Links: Coming soon
I swear, I started this project two weeks before Silicon Valley did an exact bit about it:
I was actually inspired by this post. The author used the GPT-2 walked through the process of using the OpenAI GPT-2 model to generate poetry in the style of various authors and poets. I highly suggest reading it if you’re interested in doing something similar.
The thing that surprised me was how intuitive it seemed to be to get the model to generate text for a particular context, e.g. in the style of a particular author. Essentially, all you have to do is precede segments of text in the training data with a brief tag indicating the context. Then, when you go to generate new text, you prime the model with the context by including that tag. It really feels like cheating, but apparently GPT-2 is really good at identifying these tags and figuring out how to associate them with a particular semantic flavor.
Upon seeing the post, I immediately had the idea to apply it to my own conversations and create a “ZackBot.” I figured Slack would be my best source for a relatively large number of snappy interactions, and that it was also a modality where I frequently communicate in a uniquely Zack-like manner. Plus, it meant that I could refer to the project as “ZlackBot” which is fun.
I started by making sure I could get the poetry example working. I primed the bot with the line “I am a little bumblebee”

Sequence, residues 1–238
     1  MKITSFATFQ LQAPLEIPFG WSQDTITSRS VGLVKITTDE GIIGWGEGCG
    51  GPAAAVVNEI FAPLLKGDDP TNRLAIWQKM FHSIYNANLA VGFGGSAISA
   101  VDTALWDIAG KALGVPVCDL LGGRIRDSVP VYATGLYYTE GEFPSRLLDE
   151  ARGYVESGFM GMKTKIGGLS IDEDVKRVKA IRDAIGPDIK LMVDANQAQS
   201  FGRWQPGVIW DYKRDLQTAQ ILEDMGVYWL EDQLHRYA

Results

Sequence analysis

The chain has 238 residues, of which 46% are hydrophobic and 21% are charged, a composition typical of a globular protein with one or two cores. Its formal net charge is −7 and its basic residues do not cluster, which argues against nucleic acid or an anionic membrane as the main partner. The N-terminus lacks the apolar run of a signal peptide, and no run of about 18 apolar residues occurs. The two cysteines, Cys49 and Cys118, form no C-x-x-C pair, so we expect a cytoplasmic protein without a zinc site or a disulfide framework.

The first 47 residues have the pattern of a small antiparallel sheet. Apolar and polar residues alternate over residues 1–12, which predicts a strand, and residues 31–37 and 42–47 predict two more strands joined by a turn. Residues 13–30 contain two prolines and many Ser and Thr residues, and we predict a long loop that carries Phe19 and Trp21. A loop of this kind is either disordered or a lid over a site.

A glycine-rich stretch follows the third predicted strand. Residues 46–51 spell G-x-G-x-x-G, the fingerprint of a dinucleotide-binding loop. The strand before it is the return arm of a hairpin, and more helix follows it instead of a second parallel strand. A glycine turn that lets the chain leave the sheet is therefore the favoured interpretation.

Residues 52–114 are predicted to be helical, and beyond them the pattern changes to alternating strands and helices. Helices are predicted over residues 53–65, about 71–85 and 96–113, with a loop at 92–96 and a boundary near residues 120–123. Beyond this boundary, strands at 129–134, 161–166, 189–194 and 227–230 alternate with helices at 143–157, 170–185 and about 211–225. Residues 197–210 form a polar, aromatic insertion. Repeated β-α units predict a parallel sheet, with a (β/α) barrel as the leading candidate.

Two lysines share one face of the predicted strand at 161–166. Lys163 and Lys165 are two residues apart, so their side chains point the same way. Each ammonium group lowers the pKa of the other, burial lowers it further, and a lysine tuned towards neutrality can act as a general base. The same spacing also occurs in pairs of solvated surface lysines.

Satisfied, I collected the Slack data. I used the Slack API to scrape a couple of channels where my pals and I shoot the wind.
I trained the model for a couple of epochs, and the results were looking good:
They clearly picked up on some of the very recent bot conversation. The bot ID ending in LAV is supposed to be me; I think it did a pretty good job capturing the Zack essence, especially with the “GOOOOod.”
I decided to train the model longer. It started picking up on some conversational superstructures. At one point, it mimicked my friend Jackson explaining some new mechanic for our board game:
And no, CRN and CRP are nothing.
At that point, I knew it was time to re-implement it into a Slack bot and let the goon run wild. I used a bad-of-words decision tree trained on the Slack history to let the bot decide when to contribute something in my stead.
It was actually amazing how well he inserted himself into our conversations
Of course, I also decided to make some bots for my pals.
It was around this point that the bots’ conversations started overtaking ours, and I decided to shut ‘er down. RIP ZlackBot, I hope the crab junk is plentiful in heaven.